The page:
Gillette has a long and storied history as a frontier town, a source of rugged individualism, and the home to a tough and resilient population. No one is tough enough to resist addiction on their own, though. Addiction is a chronic and potentially fatal illness that robs addicts of their personalities, their health, and, in some cases, their lives. You don't have to suffer alone, though. Rehab offers hope for permanent and lasting recovery.
Addiction rehab isn't the final stop on the journey for everyone, though. Many people continue to need help long after they've completed rehab. Others prefer to go it alone a bit, relying on support groups as needed. Finding the right Gillette-area support group can help you get and stay sober.
Alcoholics Anonymous (AA) is the world's most popular recovery program, and it's based solely on the peer support model of recovery. Rather than deferring to an expert, you'll gain from the hard-earned wisdom of other recovering addicts. Meetings are free, and occur throughout the day and week. To find an Alcoholics Anonymous group near you, click here. Links to a few other local programs include:
Like AA, NA relies on a step-based peer support model, encouraging recovering addicts to achieve sobriety by working through the program's 12 steps. Participants can also join spin-off groups for specific drugs, such as Pills Anonymous and Cocaine Anonymous. To find your local NA meeting, click here. Other local resources include:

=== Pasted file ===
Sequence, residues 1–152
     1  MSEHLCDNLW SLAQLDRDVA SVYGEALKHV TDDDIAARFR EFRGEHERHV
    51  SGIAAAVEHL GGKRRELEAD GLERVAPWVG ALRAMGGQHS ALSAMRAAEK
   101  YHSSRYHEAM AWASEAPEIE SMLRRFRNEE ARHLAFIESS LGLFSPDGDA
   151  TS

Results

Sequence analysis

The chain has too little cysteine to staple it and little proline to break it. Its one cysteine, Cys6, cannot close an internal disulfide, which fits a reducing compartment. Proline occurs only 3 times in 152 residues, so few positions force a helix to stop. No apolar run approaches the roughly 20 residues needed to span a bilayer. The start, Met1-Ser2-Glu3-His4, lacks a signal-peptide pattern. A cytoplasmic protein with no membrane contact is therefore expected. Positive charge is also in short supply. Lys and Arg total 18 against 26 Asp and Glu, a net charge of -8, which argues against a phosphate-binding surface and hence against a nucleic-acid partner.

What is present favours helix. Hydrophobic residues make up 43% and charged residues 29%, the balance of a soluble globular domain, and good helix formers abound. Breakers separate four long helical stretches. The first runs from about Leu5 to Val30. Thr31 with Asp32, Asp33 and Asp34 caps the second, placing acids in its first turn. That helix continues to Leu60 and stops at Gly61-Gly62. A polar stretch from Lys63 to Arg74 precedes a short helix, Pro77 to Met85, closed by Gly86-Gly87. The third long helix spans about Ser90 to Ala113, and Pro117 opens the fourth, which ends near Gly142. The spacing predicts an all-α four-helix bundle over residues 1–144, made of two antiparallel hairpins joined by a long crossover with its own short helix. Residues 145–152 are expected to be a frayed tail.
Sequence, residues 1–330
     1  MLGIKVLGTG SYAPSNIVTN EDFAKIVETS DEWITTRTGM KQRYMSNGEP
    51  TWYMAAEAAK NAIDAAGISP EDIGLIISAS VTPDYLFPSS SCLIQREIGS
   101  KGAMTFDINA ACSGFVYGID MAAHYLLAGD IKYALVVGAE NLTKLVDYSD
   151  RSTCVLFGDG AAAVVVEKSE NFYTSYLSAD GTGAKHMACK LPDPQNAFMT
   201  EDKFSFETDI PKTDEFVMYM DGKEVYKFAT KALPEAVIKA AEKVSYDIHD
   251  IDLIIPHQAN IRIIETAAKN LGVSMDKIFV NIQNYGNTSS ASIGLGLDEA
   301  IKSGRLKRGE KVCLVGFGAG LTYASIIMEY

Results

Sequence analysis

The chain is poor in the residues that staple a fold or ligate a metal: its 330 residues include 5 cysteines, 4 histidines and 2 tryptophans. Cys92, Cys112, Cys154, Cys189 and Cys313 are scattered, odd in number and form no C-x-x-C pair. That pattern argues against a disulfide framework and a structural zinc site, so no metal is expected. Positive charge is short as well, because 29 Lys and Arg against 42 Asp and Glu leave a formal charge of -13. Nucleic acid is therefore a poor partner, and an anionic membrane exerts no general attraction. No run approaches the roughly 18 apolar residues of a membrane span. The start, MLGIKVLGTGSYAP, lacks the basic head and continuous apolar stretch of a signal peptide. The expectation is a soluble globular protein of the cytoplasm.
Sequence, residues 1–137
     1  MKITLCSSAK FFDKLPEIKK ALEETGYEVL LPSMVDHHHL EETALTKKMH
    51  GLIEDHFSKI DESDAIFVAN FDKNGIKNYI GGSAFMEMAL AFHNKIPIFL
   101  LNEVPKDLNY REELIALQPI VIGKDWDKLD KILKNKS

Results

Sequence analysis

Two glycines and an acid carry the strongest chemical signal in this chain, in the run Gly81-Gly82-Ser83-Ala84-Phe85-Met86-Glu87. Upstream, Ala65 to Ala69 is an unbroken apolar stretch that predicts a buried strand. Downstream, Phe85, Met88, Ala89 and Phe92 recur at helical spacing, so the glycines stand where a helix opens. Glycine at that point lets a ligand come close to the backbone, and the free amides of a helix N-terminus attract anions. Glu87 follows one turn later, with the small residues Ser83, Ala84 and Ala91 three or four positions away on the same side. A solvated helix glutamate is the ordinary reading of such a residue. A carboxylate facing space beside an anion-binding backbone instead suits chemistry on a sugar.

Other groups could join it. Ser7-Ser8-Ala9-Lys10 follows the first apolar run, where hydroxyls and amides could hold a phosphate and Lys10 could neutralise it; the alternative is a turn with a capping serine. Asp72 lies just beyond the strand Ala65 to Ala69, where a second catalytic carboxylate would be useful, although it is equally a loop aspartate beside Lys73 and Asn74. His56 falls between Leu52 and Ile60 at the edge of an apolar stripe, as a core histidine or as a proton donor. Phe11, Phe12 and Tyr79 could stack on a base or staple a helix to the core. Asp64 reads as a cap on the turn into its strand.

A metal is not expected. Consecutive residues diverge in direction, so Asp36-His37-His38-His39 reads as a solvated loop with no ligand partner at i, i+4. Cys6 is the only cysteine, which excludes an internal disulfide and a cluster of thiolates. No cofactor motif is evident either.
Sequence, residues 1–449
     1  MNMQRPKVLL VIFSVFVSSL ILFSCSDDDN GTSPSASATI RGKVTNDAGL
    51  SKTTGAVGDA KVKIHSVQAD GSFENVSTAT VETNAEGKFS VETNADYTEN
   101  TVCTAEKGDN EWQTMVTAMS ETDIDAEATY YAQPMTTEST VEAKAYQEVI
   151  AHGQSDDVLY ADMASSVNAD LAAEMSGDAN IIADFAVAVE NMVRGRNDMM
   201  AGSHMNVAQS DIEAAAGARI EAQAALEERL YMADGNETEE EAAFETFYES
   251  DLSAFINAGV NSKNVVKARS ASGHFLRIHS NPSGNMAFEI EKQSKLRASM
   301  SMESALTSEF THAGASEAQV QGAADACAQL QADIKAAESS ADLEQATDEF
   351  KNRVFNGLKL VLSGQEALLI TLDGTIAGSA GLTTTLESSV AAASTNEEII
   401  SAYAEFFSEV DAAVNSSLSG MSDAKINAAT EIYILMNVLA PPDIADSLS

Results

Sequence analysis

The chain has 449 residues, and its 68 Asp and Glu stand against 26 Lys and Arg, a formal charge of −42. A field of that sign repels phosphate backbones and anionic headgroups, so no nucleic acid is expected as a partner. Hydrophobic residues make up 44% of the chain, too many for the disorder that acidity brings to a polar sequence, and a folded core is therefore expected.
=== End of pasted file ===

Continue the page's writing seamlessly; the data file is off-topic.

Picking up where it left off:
Addiction is an all-encompassing disease that behaves like a contagious infection, touching everyone with whom it comes into contact. It's not just addicts who suffer. Their loved ones can become co-dependent or obsessed with getting the addict they love clean. Addicts' loved ones may be victimized by an addict's lying, stealing, and perpetual promises to get clean tomorrow. Often, though, tomorrow never comes. Al-Anon and Nar-Anon help family members and friends find ways to live happy lives even when the addict they love continues to abuse alcohol and drugs.
Al-Anon and Nar-Anon also gave rise to two spin-off programs. Alateen and Narateen work to help teenagers who have a loved one struggling with the disease of addiction.
You can find a Nar-Anon family group near your home by following this link.
You can find a local Al-Anon meeting here.
Though NA is wildly popular and very successful, no program can be everything to everyone. Some participants are uncomfortable with the vague spiritual references made within the program. Others would simply rather supplement NA with a different program. SMART Recovery offers an alternative model, and you can find a local meeting here.
Like NA, AA encourages users to place their trust in a “higher power,” and prayer often plays a role in meetings. If you prefer a secular program, Secular Organizations for Sobriety offers online drug and alcohol support groups here.
Addiction is a disease that necessitates treatment. Whether you believe it or not, you deserve to get better and you deserve help. If you're like a lot of addicts, though, you may believe you're so broken you can't be repaired. Or maybe you're stuck under an avalanche of denial. Rest assured that you can get better and that treatment really does work. If you're still unsure whether you have an addiction or need rehab, ask yourself the following questions. If you answer yes to three or more, the odds are very high that you're an addict: